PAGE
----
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Chew, M Y L (2002) Resistance of polyurethane sealants to hot water. Building Research & Information, 30(05), 367–71.

Choy, L H T, Ho, W K O and Mak, S W K (2012) Housing attributes and Hong Kong real estate prices: a quantile regression analysis. Construction Management and Economics, 30(05), 359-66.

Jacobsson, M and Linderoth, H C J (2012) User perceptions of ICT impacts in Swedish construction companies: 'it's fine, just as it is'. Construction Management and Economics, 30(05), 339-57.

  • Type: Journal Article
  • Keywords: information systems; occupational groups; post-adoption; surveys; user satisfaction
  • ISBN/ISSN: 0144-6193
  • URL: https://doi.org/10.1080/01446193.2012.672757
  • Abstract:
    The use of information and communication technologies (ICT) in construction companies has been growing steadily during the last decade. However, few studies inquire into either perceptions of the impact of actual ICT use or perceptions among different occupational groups in construction companies. The aim of the paper is to explore users' general perceptions of ICT impacts in the post-adoption stage and analyse the implications for construction management practice. A mixed methods approach was used. Quantitative data were collected using a web-based survey both in a major construction company and among medium-sized companies in Sweden. Data from 294 returned completed questionnaires were analysed with t-tests and multiple regression analysis. In addition, participant observations and semi-structured interviews were conducted within the major construction company in order to strengthen the analysis. It can be concluded that respondents are generally fairly satisfied with the ICT. Differences in perceptions among occupational groups can be explained by the nature of work tasks and the original intentions for using ICT as a means of control and calculation. Even if respondents perceive that a further development of ICT could improve competitiveness, they do not want to increase their use of it in their workplaces. They basically think that 'it is fine, just as it is'. This indicates that a challenge in construction management is to investigate how prevailing and new ICT applications can be used to develop the industry.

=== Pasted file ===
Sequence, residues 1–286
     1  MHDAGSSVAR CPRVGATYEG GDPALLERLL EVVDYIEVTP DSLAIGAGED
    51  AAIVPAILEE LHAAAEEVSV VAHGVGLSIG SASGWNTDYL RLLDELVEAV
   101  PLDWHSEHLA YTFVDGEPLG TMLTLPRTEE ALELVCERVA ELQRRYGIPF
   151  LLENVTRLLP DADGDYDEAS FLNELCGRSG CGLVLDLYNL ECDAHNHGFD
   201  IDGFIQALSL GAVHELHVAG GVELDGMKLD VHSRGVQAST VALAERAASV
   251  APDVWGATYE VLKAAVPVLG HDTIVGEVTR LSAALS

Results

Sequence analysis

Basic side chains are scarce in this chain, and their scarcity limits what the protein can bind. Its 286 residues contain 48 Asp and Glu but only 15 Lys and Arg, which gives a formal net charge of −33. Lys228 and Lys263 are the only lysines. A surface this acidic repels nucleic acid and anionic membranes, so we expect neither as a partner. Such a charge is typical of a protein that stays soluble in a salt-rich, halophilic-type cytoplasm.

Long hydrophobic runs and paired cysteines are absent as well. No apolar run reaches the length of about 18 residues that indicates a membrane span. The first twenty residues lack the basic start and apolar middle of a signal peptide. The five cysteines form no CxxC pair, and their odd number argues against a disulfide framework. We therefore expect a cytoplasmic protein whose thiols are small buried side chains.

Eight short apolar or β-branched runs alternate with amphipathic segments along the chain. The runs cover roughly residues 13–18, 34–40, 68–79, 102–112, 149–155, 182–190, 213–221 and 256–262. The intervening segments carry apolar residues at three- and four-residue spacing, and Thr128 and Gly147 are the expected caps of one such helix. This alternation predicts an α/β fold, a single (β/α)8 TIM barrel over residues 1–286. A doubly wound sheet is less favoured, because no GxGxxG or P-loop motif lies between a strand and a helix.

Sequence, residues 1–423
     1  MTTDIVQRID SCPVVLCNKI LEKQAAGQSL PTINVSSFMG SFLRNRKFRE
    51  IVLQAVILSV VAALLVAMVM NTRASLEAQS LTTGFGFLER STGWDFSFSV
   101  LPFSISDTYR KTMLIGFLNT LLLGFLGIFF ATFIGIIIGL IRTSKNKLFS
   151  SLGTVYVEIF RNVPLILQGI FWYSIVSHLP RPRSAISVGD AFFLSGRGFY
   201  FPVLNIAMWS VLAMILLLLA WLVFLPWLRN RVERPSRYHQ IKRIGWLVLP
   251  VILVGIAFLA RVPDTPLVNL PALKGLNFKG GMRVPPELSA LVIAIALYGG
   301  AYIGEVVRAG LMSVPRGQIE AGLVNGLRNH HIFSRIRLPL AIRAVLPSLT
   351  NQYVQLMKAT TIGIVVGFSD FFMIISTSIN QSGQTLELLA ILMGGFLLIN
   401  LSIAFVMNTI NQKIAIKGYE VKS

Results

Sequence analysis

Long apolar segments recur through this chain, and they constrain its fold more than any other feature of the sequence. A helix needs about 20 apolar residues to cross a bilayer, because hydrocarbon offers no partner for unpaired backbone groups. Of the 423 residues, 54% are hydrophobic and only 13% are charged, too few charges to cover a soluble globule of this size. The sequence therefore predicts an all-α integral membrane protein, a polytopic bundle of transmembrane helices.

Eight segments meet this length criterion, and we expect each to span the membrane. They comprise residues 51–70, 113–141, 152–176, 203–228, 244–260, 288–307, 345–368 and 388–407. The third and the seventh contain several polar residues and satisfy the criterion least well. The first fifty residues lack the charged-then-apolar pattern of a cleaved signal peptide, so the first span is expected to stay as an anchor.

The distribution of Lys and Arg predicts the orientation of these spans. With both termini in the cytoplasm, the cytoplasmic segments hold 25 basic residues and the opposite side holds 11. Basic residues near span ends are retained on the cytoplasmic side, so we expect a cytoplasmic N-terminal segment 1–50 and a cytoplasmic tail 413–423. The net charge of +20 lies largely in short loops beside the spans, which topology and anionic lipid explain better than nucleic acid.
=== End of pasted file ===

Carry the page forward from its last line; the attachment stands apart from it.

Kerali, A G and Thomas, T H (2002) Effect of mix retention and curing on low-cement walling blocks. Building Research & Information, 30(05), 362–6.

Kohler, N and Lutzkendorf, T (2002) Integrated life-cycle analysis. Building Research & Information, 30(05), 338–48.

Lingard, H C, Cooke, T and Blismas, N (2012) Designing for construction workers' occupational health and safety: a case study of socio-material complexity. Construction Management and Economics, 30(05), 367-82.

Liu, L, Wang, X and Sheng, Z (2012) Achieving ambidexterity in large, complex engineering projects: a case study of the Sutong Bridge project. Construction Management and Economics, 30(05), 399-409.

Straub, A (2002) Strategic technical management of housing stock: lessons from Dutch housing associations. Building Research & Information, 30(05), 372–81.

Tam, C M, Tam, V W Y and Zeng, S X (2002) Environmental Performance Evaluation (EPE) for construction. Building Research & Information, 30(05), 349–61.

Zimina, D, Ballard, G and Pasquire, C (2012) Target value design: using collaboration and a lean approach to reduce construction cost. Construction Management and Economics, 30(05), 383-98.